“Teachers are suffering under an outdated salary structure,” protested the Institute of Public Affairs (IPA) in December.
Last week, the Australian Education Union (AEU) launched its counter-attack, accusing the IPA’s report of being “riddled with factual errors”.
From how the news media negatively framed the state of the education sector in 2014, it’s fair to say we all feel your pain. Now, the AEU and the IPA are locking horns in a showdown over how much you should be getting paid.
John Roskam, executive director of the IPA, argued in December:
“Under existing regulations a Nobel Prize-winning scientist who wants to be a teacher must be paid the same as a 22-year-old inexperienced graduate.”
The AEU hit back, citing the latest Enterprise Agreement to refute the IPA’s claims.
“Contrary to the picture provided by the IPA report a Nobel Prize-winning scientist would very quickly, if not immediately, find themselves at the top of the salary scale earning considerably more than a first-year graduate,” the AEU’s Tom Greenwell wrote.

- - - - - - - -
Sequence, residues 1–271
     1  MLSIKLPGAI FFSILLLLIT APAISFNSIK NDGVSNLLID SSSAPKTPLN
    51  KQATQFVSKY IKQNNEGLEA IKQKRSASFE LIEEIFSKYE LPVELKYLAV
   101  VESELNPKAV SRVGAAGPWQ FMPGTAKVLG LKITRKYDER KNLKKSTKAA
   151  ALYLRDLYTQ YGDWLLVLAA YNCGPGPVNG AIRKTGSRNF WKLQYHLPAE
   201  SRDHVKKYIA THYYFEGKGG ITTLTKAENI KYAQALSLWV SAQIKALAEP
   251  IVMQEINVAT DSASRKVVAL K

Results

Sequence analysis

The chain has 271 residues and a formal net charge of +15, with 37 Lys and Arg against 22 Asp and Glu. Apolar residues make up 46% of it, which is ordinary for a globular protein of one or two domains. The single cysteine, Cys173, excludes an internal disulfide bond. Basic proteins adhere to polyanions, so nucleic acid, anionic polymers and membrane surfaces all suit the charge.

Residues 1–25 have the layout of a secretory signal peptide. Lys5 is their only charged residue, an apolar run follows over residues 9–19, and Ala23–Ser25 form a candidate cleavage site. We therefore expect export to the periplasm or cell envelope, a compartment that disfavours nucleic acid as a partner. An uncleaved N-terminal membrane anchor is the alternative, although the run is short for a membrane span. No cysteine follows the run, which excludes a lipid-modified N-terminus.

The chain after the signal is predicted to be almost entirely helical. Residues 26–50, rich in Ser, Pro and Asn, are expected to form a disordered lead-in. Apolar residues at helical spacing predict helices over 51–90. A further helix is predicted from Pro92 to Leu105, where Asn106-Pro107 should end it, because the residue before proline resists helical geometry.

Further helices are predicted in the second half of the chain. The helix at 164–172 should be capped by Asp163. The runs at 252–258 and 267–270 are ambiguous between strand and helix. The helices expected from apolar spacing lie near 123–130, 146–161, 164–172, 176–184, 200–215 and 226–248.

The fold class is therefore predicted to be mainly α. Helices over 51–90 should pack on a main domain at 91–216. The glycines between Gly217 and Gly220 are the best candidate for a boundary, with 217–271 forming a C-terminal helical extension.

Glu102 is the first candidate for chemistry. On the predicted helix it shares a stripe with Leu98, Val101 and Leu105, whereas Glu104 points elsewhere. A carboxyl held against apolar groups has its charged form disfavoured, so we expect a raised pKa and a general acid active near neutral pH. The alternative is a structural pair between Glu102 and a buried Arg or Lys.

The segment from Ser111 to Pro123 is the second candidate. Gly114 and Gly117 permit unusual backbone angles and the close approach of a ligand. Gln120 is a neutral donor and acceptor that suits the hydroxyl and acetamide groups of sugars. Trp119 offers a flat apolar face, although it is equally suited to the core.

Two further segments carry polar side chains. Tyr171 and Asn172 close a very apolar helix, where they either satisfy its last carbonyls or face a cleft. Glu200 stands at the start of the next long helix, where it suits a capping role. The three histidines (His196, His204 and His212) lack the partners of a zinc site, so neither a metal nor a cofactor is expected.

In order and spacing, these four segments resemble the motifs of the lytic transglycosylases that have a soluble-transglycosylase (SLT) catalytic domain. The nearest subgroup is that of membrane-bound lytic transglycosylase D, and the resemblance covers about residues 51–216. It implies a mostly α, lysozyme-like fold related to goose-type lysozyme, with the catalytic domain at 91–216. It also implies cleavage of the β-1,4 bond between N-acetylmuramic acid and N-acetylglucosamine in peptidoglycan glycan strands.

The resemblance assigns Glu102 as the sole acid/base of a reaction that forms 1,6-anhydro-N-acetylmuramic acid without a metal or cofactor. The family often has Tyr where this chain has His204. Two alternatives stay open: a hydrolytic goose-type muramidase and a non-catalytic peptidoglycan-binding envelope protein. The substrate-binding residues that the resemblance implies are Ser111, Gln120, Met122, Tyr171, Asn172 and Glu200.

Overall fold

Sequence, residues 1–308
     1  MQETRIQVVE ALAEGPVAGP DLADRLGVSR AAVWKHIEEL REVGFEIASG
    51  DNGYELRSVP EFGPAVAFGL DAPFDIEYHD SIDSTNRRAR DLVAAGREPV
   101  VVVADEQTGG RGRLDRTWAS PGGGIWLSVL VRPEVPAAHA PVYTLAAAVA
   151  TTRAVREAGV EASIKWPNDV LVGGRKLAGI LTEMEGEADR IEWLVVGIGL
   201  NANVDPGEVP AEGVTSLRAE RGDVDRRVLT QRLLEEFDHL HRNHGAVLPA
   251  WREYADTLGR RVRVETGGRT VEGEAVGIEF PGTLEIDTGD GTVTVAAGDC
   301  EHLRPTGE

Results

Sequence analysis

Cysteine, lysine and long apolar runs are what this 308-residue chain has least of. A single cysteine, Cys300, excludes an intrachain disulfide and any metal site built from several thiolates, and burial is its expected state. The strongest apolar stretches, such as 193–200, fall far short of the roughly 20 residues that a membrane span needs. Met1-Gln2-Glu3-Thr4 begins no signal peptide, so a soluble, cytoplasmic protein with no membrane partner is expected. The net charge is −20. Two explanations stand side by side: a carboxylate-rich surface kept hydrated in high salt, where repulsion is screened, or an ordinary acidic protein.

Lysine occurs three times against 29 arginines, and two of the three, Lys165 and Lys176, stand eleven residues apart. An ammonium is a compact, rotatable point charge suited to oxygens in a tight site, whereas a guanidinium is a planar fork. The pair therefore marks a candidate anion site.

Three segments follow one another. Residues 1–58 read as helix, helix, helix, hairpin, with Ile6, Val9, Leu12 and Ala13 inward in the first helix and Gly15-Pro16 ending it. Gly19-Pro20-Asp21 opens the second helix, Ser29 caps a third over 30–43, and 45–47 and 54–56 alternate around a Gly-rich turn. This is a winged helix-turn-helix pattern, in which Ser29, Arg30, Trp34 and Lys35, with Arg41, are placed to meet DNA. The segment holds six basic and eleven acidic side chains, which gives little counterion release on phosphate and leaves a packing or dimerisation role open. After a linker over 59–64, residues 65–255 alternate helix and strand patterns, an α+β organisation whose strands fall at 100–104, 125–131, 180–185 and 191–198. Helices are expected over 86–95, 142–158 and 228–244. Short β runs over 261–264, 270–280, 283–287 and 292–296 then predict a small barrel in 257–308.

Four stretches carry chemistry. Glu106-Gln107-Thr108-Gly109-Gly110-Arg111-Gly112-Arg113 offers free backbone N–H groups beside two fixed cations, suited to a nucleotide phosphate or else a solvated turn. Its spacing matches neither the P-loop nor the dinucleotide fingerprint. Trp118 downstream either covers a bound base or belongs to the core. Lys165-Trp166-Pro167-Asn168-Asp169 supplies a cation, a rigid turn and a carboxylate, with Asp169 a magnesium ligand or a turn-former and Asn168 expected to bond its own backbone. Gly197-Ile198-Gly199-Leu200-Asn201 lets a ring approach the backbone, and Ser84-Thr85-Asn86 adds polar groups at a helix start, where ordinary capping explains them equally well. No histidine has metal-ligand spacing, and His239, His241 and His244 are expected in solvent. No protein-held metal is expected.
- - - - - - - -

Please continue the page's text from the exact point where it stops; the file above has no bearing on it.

As of February, a first year teacher, having completed four years of study, will receive $61,000, increasing gradually until it is capped at $97,000.
An article published by Troy Deag on the website Training.com.au suggests a correlation between teachers’ pay and the quality of the work they do.
“When compared to other professions – for instance trades where after four years of an apprenticeship one can earn up to twice the money a teacher earns, we begin to understand why the quality of our teachers is diminishing,” Deag wrote.
The question of whether we care enough about our teachers is subsequently raised in the article.
“Sure we can peddle out the tried and true excuses such as reliance on spellcheck, general apathy with Generation Y and smartphone addiction. But is that the real reason or is it deeper than that? Could it be that we simply don’t care enough about our teachers?” Deag asks.
As a teacher, how fair do you think your pay scale is?